Omegle is an app that kids used to talk to strangers and as was sadly illustrated by a terrifying incident in Minnesota this week, a way that sexual predators find and meet up with teen and tween victims.
Parents think that it won't happen to their kid, but chances are the parents of the 13 year-old girls who were kidnapped and sexually assaulted this week by someone they met on Omegle probably thought that, too.
The facts in the Minnesota case are a jarring wake up call.
KMSP reports that Casey Lee Chinn, 23 year-old man, is charged with 6 counts of criminal sexual conduct, kidnapping and solicitation after two 13 year-old girls were found crying behind a couch in a basement. He allegedly met them and exchanged sexual messages with them on Omegle.
While I've long suspected and occasionally joked that these internet creeps live in their parents basement, the girls were found in the basement of the home that Chinn lives in with her his parents.
Worse yet, KMSP also says that Chinn is a high school volleyball and baseball coach.
There's a lot parents need to know about Omegle, but these items stand out:
2. "Don't get pervy!" is another statement that used to be posted on the Omegle homepage. Now it says "keep it clean and friendly" and "Understand that human behavior is fundamentally uncontrollable, that the people you encounter on Omegle may not behave appropriately, and that they are solely responsible for their own behavior. Use Omegle at your own peril."
Let that sink in: tweens and teens are flocking in droves to a site that says "use at your own peril."
That tell you two things: 1) there's a problem, and 2) you want to keep your kids far, far away.
Please, learn from this horrifying story about two victimized girls in Minnesota. Their age makes it likely that they are in either 7th or 8th grade. Sexual predators targeting young girls can happen anywhere, to anyone. And that's not just because of this incident. Omegle has been involved in pervy criminal cases in Wisconsin, California and Washington.
Parents need to talk with their kids. The Omegle app is just one of a number of bad apps, and there's a new one every day. It is impossible to close them off in a bubble of a world where there are no pervy people, so we need to help them learn to avoid them and tell them over and over again that you have their back and will do anything to help them.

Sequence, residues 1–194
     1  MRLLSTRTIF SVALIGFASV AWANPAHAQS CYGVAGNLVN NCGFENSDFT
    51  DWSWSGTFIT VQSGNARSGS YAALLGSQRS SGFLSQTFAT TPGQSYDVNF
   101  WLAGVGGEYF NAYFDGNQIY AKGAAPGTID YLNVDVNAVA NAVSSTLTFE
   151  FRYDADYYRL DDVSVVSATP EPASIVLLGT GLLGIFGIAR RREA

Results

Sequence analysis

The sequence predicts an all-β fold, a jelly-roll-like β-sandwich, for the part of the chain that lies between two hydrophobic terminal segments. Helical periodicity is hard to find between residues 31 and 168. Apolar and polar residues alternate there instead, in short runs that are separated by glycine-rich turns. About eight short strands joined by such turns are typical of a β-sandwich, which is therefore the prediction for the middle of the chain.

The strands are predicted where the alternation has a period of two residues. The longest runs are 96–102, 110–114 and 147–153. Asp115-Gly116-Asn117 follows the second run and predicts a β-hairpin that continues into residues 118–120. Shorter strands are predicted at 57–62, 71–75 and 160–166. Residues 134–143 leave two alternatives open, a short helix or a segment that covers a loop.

When talking with your kids, here are some important point to cover:
* Make your kids aware of the reality.
Share this awful story with them so they know that these bad stories are real and that they need to take them seriously. While you don't want to terrify them, you want them to know that safety on the internet is serious business. If they are permitted to use the internet, smartphones, etc., that privilege includes the responsibility that they take steps to protect themselves and stay safe.
* Lay some ground rules and explicitly state your expectations.
Staying safe online means only interacting with people you know in real life, not sharing personal information like phone number and address, not sharing pictures that are not privacy protected (and yes, that includes your profile photo), keeping private parts and info private. Let your kids know what's acceptable.
* Keep reminding kids that they can come to you.
If they see something on an app or elsewhere that makes them uncomfortable, let them know that you will help them, no matter what's going on. I love the advice from Whitney Flemming of Playdates on Friday to treat online behavior "like drinking and driving — there is no instance about social media where they should be scared to tell you what they have done or contact you to help get them out of trouble."
These conversations aren't easy, and talking about the sexual assault of children the same age as your sons and daughters is undoubtedly hard. But I firmly believe that children hear what we say more than once. Our voices stick with them, somewhere deep down. If you aren't talking, though, the kids aren't hearing your voice and knowing how you feel about these apps or that you're there to help if they need it.
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